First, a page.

One of the largest power utilities in the U.S. created a smart building “incubator” to serve as a model of energy efficiency. Energy saving best practices would then be incorporated in construction of their new headquarters.Salt River Project (SRP), one of the largest power utilities in the U.S., created a smart buildingenergy savings, and efficiency model to implement in its headquarters. With plans to renovate its 350,000 square-foot headquarters in Phoenix, Ariz., SRP seized an opportunity to renovate the three-story, 85,000 square-foot Credit Union Building (CUB) next door, and create a smart building “incubator.” “We decided, if we’re going to spend all this money on the big building, we should first test it in a controlled, smaller environment to see what we like, and don’t like,” said SRP’s Facilities Director, Dave Olsen.
Olsen had two goals that would drive implementation decisions. The first was to achieve LEED Gold certification, which in itself delivers significant cost savings. The second he said was to address:, “How do we make a smarter building, and a better environment for employees?” Olsen went on to say, “What is the opportunity, how do we start, and how do we sensibly integrate it into a new culture?” To achieve this, Olsen engaged Scottsdale-based technology integration firm, Immedia Integrated Technologies. Immedia’s President, Jeff Emmons, presented the multi-layered benefits of Crestron’s Fusion® The enterprise management platform enables the monitoring, management, control, and automation, of lighting, shades, HVAC, mechanical systems, and AV systems, through a single intuitive user interface.
By using Crestron to monitor and collect data, SRP and Immedia worked together to create a solution that would include energy cost savings, and Room Scheduling. To create a baseline for data analysis all of the systems were run for a few months without modifications.Then we went in and made a temperature change by one degree and we were able to visually quantify how much one-degree in temperature variance makes on daily consumption of energy. Occupancy sensors placed throughout the building delivered additional, significant energy savings. “The occupancy sensors turn on mechanical systems over BACnet/IP when people are in the space,” said Ira Beyer, ACE, CCMP, CLC-C, DMC-E- 4K, Programming & Engineering at Immedia. “When there is nobody in the space, and it’s after hours, then we shut those systems back a ways and we’re able to show some drastic savings in electricity by doing that.” Through a combination of room scheduling, occupancy sensors, and room technology utilization monitoring, “With Crestron Fusion, conference room monitoring gives SRP metrics that can be used to define types and quantities of spaces based on data from the existing space,” said Emmons. A Crestron room scheduling touch screen placed on a wall outside of each meeting space displays the room name and status of the room. Using Outlook®, employees can book a room using the touch screen, or from their PC, or mobile device.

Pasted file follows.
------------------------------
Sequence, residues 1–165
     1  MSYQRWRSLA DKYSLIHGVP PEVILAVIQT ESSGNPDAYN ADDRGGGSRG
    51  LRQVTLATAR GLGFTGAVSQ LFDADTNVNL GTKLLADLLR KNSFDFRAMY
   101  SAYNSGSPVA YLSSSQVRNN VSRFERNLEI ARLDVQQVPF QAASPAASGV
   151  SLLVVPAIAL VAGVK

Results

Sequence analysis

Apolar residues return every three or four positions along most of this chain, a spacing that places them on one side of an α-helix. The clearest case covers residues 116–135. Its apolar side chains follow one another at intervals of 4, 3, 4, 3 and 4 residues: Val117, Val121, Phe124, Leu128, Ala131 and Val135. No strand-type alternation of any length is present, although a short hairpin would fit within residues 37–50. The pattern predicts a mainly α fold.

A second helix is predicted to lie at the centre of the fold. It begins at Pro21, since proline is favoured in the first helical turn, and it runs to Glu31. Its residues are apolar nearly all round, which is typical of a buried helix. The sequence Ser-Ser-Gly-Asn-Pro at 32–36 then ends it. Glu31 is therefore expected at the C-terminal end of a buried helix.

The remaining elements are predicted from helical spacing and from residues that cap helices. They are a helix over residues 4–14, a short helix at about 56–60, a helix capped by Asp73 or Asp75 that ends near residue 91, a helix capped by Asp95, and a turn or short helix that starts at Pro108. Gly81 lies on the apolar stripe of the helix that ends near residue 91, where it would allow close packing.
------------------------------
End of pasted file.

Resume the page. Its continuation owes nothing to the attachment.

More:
There’s nothing worse than spending money on technology that doesn’t get used. It can be equally costly if a meeting room does not have the right technology, or if the equipment fails. “We can tell if an AV device goes offline, if a projector bulb is due for replacement, or if a display isn’t working,” Olsen commented. “We couldn’t do that before; it was always a, ‘Hey, somebody call support.’ Or even worse, and more likely, no one called, and the technical support team didn’t know there was a problem.” Proactively maintaining the equipment based on data gathered will help reduce the number of Help Desk calls.